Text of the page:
I realise I have made a grave mistake in my approach to life in Hong Kong. I had obviously gotten too accustomed to Japanese culture, where people are constantly polite, kind, and overly sweet to you. I was a fool to believe I would receive similar treatment here.
On this blog I always try to remain upbeat, because it is an adventure living in other countries. But don’t for one second think it is easy. Living away from your home country is hard like hell, in many different ways. It’s not all fun and games and sightseeing. It is daily life in a foreign land surrounded by foreign people who have very foreign ways of behaviour. And it is especially hard adapting to Chinese culture. Ironically enough, Japan is considered one of the weirdest places on earth, yet I felt a lot more at home there than here in Hong Kong which has had a strong British influence and is definitely more westernised.
I suppose my main problem is that living for a year in Japan made me a bit soft, and moving to Hong Kong has been a shock to the system. In the past five months, there have been countless times when I have felt powerless, victimised, weak, humiliated and pushed aside. Chinese people by nature are rough. They don’t seem to care about anybody else around them in their daily lives. They cannot see me, I do not exist.
It is really the little things that really get to me — the fact that people won’t even hold the door for one second, even though you are literally one step behind them. They simply don’t give a rat’s ass whether the door slams in your face. They don’t care if you are running for the elevator, and they look you in the eye and keep pressing the button to close the door. They will never wait for you — apparently their time is too precious. They will push you back into the train before you have a minute to get off. If they see something — anything — for free, they take all of it and leave none for others. They push in front of every line and refuse to wait their turn. They seem to lack the most basic politeness in daily comings and goings. People never look out for you, they have little consideration for the other human beings around them, and are apparently oblivious to your existence. It is hard to accept, that in Hong Kong, people simply do not care. Or at least it seems that way to me.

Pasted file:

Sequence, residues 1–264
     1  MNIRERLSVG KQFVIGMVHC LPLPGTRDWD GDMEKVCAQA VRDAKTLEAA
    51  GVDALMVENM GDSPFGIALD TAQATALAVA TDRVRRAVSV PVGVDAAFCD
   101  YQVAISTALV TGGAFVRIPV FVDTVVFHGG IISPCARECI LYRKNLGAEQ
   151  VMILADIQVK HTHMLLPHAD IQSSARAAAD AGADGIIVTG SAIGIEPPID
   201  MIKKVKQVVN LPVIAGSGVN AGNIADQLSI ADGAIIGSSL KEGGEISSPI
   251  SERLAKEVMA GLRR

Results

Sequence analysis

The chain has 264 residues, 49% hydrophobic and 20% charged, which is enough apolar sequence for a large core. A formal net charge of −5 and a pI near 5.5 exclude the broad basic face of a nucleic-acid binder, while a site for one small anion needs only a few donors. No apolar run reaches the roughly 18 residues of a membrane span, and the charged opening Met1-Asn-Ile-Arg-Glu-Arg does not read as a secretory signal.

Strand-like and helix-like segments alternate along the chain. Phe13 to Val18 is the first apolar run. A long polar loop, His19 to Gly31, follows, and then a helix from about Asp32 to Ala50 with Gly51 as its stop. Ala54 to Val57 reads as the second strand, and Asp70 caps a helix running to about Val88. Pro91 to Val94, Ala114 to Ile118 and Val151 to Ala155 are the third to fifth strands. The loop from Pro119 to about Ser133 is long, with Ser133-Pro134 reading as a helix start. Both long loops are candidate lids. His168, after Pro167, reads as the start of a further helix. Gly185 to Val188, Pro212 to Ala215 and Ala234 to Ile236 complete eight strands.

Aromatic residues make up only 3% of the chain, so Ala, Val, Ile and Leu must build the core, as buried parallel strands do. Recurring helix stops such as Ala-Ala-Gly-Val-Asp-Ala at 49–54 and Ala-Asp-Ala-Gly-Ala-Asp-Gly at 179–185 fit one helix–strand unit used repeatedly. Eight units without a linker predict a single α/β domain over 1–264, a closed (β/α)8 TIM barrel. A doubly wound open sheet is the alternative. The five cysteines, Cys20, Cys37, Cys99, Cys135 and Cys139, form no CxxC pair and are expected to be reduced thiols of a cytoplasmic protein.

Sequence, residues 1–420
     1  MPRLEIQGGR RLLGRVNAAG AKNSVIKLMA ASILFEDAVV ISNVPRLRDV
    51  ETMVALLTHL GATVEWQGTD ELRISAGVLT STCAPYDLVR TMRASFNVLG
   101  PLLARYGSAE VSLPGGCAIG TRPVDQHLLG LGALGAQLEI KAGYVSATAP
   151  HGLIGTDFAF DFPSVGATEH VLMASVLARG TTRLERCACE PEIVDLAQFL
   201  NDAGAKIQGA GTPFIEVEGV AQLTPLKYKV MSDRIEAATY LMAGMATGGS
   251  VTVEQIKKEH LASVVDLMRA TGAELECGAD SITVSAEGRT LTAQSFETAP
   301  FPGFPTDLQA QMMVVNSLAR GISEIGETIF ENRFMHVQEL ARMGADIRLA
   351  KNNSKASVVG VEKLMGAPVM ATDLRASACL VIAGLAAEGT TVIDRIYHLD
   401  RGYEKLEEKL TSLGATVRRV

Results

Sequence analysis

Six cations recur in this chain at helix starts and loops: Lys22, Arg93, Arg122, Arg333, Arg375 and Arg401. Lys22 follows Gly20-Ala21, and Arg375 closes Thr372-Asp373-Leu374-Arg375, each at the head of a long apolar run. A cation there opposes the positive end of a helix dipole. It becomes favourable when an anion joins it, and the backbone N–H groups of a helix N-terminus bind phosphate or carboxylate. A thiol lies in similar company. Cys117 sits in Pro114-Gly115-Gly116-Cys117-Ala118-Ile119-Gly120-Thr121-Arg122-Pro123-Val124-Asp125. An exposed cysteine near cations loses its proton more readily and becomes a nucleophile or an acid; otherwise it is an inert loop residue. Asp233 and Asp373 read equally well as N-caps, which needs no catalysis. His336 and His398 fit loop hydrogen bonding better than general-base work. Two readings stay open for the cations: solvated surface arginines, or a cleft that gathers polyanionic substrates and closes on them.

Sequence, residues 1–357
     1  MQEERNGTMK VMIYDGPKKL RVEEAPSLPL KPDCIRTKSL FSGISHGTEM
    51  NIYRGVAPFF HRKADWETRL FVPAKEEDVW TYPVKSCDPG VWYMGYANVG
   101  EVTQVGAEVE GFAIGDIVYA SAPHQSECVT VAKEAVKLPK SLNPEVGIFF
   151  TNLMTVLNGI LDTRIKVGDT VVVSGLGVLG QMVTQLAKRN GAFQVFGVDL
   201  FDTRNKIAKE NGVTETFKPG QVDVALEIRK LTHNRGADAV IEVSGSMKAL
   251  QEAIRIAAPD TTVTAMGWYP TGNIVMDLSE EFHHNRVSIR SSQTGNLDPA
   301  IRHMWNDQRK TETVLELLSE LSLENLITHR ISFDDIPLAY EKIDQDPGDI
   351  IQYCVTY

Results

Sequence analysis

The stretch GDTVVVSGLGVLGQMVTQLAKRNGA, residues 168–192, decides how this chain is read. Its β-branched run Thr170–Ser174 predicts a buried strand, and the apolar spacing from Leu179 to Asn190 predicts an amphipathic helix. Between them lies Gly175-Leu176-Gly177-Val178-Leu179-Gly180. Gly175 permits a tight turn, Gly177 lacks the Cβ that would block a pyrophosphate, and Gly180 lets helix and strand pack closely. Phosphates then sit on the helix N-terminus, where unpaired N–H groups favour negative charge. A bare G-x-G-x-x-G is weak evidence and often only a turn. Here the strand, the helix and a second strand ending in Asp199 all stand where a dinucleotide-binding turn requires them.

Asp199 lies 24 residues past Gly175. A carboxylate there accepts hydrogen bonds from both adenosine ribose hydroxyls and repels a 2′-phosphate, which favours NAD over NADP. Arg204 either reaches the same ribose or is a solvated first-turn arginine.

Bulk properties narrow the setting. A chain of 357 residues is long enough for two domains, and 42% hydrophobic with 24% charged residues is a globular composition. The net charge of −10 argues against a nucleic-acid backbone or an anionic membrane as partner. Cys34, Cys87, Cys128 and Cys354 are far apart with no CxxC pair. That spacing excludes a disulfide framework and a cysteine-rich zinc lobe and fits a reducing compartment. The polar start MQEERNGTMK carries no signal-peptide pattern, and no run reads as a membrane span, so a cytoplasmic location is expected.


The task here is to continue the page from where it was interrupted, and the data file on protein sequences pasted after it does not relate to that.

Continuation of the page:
So, I have come to the conclusion that in order to survive here, I have to toughen up, and quickly. If living in the soft, squishy, smiley pink bubble that is Japan has made me soft, I have to accept the harsh reality of the situation, and adapt. I must toughen my skin. I must stop expecting or hoping that people will be more considerate, more kind and more patient. I must learn to stand up for myself, to be more ballsy, to be confrontational, to call people on their shit. Because the reality is, this is Chinese culture, or at least this is Hong Kong culture, and I am a foreigner in their midst. I cannot change them, so the question is, how much should I allow them to change me?
I don’t mean to moan so much or overgeneralise, because Hong Kong is not all bad. There are times when I like Hong Kong a lot. And the Chinese friends that I have been fortunate to make are wonderful, sweet, friendly people. But I seem to have a hard time getting along with the other 99% of Hong Kongers, and I don’t know why or what I can do about it. Perhaps this is why all the foreigners here stick together and rarely mix with the locals. Perhaps that is the sad but true reality of this place. And the sooner I learn to accept it and live in it, the happier I will be.
In the meantime, I suppose I will have to practice asserting myself, and learn how to push back. It won’t be easy, because I am a non-confrontational person by nature. Perhaps it will be a good lesson for me. Perhaps it will make me a cynical, hard assed bitch. Time will tell, I suppose.
Bed time. Good night, all.